How to mislead with data (large company version)



source: Statistics_Data_Facts

This table circulated around the summer, and it appeared again, ostensibly as evidence of massive asset inflation.

I don’t like these things. It is technically accurate, but lacks context. If we consider the relevant market history and what happened before, we have a framework to better understand what happened in the top 5 companies that decade.

The start date of this era is 2010, which is shortly after the end of the Great Financial Crisis (GFC), but it is exactly 3 years after the market surpassed the pre-GFC high. Therefore, it started with an artificial low-in mid-2010, the S&P 500 was higher than the March 2009 low (down 57%), but still 34% below the October 2007 S&P 500 high . SPX will not be able to return to its pre-global financial crisis level until March 2013.

The period 2010-2020 did include a pandemic collapse, which (coincidentally) fell by 34%. But this also includes the beginning of the recovery. By August 2020, the broad-based S&P 500 index has returned to breakeven.But those companies in the top 5 have benefited from the pandemic blockade and Work at home; They promoted the stock market’s recovery.

And, not surprisingly, they returned to breakeven even faster: by April, Amazon had surpassed the pre-pandemic highs of 2020; Apple, Facebook, and Microsoft by May. Not surprisingly, these names are as hot as they are: the environment of the modern era is unique, and their advantages are very suitable for meeting the challenges of the times.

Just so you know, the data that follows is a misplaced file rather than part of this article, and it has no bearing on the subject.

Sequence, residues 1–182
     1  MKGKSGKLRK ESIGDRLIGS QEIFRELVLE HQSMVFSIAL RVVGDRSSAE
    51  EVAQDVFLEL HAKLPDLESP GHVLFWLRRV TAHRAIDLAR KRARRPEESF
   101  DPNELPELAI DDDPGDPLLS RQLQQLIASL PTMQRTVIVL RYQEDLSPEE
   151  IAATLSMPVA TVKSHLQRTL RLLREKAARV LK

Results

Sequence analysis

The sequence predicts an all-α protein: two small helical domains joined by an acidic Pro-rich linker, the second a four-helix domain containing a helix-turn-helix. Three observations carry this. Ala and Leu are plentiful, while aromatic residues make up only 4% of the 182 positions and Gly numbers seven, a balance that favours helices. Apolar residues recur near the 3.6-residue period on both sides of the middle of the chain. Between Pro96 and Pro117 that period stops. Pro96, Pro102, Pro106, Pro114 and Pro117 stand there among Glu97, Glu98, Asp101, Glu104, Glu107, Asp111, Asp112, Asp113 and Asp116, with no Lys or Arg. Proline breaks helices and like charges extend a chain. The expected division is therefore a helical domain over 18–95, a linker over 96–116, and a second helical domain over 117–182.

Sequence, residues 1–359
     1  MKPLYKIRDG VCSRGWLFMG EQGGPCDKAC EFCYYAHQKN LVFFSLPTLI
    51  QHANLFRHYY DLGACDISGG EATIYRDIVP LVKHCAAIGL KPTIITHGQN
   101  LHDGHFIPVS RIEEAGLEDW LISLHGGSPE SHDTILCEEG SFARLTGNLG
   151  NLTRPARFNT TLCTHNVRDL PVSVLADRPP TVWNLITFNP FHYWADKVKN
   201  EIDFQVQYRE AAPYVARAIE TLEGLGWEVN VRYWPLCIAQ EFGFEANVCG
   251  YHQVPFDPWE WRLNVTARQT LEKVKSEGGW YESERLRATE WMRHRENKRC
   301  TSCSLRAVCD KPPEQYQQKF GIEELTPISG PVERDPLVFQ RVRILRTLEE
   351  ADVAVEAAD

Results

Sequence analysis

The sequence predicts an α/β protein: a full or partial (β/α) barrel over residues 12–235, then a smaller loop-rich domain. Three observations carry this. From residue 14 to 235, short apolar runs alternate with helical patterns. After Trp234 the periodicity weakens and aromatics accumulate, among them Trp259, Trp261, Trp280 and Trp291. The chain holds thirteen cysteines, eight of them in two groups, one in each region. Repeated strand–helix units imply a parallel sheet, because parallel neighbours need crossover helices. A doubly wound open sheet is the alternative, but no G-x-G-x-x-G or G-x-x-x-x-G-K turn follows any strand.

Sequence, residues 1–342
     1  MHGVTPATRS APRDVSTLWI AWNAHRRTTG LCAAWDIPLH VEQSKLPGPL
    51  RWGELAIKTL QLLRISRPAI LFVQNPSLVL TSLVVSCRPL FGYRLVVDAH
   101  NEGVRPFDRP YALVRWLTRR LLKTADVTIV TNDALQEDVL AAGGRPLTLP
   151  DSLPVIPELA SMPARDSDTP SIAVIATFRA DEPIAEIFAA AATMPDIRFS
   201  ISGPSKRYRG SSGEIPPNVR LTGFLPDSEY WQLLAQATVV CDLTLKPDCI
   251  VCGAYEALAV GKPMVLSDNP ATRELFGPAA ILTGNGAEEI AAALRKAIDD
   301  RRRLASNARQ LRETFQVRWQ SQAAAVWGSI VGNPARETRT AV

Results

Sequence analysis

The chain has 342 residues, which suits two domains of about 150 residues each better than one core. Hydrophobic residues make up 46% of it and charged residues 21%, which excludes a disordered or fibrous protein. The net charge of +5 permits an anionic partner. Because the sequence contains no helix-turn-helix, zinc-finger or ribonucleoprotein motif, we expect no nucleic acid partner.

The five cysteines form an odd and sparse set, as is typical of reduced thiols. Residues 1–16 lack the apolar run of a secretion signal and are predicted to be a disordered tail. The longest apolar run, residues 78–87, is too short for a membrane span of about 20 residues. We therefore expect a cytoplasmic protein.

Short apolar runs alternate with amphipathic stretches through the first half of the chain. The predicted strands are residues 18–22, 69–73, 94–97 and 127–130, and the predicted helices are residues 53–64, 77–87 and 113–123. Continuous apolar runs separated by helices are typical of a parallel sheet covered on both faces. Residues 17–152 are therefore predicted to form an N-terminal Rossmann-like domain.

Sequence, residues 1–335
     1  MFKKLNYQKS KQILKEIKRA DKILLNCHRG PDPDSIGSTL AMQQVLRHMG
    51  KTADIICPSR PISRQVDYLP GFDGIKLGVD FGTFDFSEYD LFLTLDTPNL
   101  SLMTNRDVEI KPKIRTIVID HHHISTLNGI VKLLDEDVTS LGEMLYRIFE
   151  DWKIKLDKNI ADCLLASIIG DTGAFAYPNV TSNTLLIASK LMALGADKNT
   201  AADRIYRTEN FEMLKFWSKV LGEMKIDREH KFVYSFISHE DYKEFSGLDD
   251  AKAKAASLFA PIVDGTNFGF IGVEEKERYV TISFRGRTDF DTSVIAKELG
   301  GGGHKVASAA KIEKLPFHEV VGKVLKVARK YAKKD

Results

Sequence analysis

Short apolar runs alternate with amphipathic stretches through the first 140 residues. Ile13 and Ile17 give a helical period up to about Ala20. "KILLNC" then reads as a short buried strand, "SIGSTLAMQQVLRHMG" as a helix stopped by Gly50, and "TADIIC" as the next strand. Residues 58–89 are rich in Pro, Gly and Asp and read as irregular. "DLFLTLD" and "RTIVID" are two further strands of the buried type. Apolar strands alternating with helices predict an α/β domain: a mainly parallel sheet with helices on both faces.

In any 10-year operation, you won’t be surprised to see a 100% rise in stocks. Anything that compounded at a rate of 7.2% per year would take ten years to double. Therefore, it is fair to guess that the average total return for any randomly selected 10-year period should be 100%.1

Consider how unusual things have been in the past ten years: In 2010, Apple sold the iPhone 3G instead of today’s iPhone 13. Its market capitalization is US$180B, compared to US$2.45 trillion today. Amazon’s market value in the days before AWS was even smaller, at $56B, and today it is $174 trillion. Since 2010, the technology industry has changed the world and has become the most valuable company in the process.

I would love to know how the 5 largest companies will compete against the broader S&P index during the 10-year rolling period. How big are the large-cap stocks driving the market as a whole? Does their strength appear in different parts of the cycle? This is an interesting question.

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For a larger context, let us consider a slightly different example.

If we look back 2 years, what will happen from 2008 to 2018? It turns out that merging a complete GFC crash and recovery can significantly change the outcome. This is not the usual ten years, but the top 5 does (more or less) indicate a doubling:

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1. In real life, it may not be twice as accurate, because all 10-year periods are not accurate averages (they are distributed About That average).

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